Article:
I tried desperately to be accepted by my peers and that meant juggling Polish school with its language classes and cultural evenings and stern Felician sisters with games of street hockey and tag football and just plain hanging around the corner with my friends.  In so doing, I sacrificed my father’s traditions and sense of self for that which Canada offered.  I never realized until it was too late what the cost would be.

I never got to know my father in the way that most children do today.  Like many other Poles of his generation my dad was a veteran, at times a distant and severe man; distant because of what he’d been through during the war, severe because it was part of his culture, a Kaszub following a solitary dream, religious in the way that only a Pole can be, with an intensity and vigour that seems lacking in today’s placid church services.


Time has passed.  It is November and a fitting time for reflection.

The veterans are almost all gone, the graves of southern Ontario holding the soul of a truly valiant Polish generation; a lilt sometimes holding in the wind like the “Hejnal” so played long ago by that lone trumpeter of Krakow, a whispered dream of wandering souls, a faint fleeting memory in a widow’s failing eye. 

Perhaps they are all together about us, singing and laughing forever young in our renewed recollection of their glories.  I like to think that and I also like to think that you and I, good readers, though proudly Canadian, do carry their torch.

I buried my father in his 89th year.  It was a cold Canadian December day and the Legion provided and escort, frail old men they were with the fire dimming in their eyes.  They played the Last Post and uttered the words that all veterans do at the graveside of a fallen comrade.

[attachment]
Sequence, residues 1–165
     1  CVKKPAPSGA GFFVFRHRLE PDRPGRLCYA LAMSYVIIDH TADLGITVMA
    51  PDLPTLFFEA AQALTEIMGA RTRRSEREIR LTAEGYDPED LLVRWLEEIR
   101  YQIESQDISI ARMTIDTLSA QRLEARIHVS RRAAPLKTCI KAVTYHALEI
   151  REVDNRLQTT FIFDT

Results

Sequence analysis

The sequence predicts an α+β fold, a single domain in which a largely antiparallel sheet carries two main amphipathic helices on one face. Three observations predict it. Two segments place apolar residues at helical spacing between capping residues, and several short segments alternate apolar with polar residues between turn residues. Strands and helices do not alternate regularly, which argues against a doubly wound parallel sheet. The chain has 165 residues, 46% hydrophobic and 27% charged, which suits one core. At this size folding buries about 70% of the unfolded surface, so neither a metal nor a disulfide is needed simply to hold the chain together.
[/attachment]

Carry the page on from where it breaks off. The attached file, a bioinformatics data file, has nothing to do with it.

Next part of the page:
They shall grow not old, as we that are left grow old:
Age shall not weary them, nor the years condemn.
At the going down of the sun and in the morning
We will remember them.

And we answered solemnly: We will remember them!

In Then, in the somber tradition of all Poles and dutiful sons from time immemorial, I retrieved some soil from the graveside to keep as a remembrance.


There are new Poles among us, thousand upon thousands of them in this land we call Canada, for whom the stories of the Western Front and struggles of the Polish armies of Maczek and Sikorski, the airmen of the Battle of Britain, bombing raids in Europe and mariners who sailed the frigid North Atlantic convoys are fresh and new and invigorating and yet, at the same time, strange and foreign as if a whole generation of Polish youth had traveled to some far off planet to do battle with aliens

Yet for these new age Poles also, the legend and sacrifice live on.

For the true Poland is more than a political party or a geographic land mass.  It is a common bond of loyalty to virtue and faith and courage and, I must tell you, it is a grand place to be in the mind and spirit of mankind.